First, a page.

Open submission content, so places like Quora where you could write a post, or Reddit, where you could write a post, or YouTube where you could upload a video and have a post and have a link, most of those, in fact almost all of them now have nofollows as do the profile links that are associated. Your Instagram account, for example, that would be a social media one. But it’s not just the pictures you post on Instagram. Your profile link is one of the only places in the Instagram platform where you actually get a real URL that you can send people to, but that is nofollowed on the web.
D) Some publishers with less stringent review systems (Forbes, Buzzfeed, LinkedIn Pulse, etc.)
Some publishers now with these less stringent publishing review systems, so places like Inc., Forbes, BuzzFeed in some cases with their sponsored posts, Huffington Post, LinkedIn’s Pulse platform, and a bunch of others all use this rel=nofollow.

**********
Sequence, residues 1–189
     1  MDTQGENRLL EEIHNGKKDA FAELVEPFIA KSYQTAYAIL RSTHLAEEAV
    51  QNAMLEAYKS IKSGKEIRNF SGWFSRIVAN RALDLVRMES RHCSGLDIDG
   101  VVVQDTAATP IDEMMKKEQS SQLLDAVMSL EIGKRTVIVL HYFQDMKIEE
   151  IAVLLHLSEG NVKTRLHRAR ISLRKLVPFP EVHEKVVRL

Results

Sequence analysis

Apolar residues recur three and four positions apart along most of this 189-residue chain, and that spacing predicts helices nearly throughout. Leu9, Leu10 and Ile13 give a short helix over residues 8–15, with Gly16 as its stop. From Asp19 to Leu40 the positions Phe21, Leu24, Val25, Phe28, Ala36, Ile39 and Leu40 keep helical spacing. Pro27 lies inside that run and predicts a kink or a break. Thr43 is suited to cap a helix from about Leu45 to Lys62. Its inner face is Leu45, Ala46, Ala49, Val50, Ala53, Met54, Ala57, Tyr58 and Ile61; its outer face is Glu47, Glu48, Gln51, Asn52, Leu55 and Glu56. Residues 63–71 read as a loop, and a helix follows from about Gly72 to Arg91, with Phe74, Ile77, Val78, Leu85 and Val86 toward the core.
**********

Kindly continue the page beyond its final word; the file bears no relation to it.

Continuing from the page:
Basic evaluation formula for earning followed links from the above sources
The basic formula that we need to go to here is: How do you contribute to all of these places in ways that will ultimately result in followed links and that will provide you with SEO value? So we’re essentially saying I’m going to do X. I know that’s going to bring a nofollowed link, but that nofollowed link will result in this other thing happening that will then lead to a followed link.
Do X → Get rel=nofollow link → Results in Y → Leads to followed link
5 examples/tactics to start
This other thing happening can be a bunch of different things. It could be something indirect. You post something with your site on one of these places. It includes a nofollow link. Someone finds it. We’ll just call this guy over here, this is our friendly editor who works for a publication and finds it and says, “Hmm, that link was actually quite useful,” or the information it pointed to was useful, the article was useful, your new company seems useful, whatever it is. Later, as that editor is writing, they will link over to your site, and this will be a followed link. Thus, you’re getting the SEO value. You’ve indirectly gained SEO value essentially through amplification of what you were sharing through your link.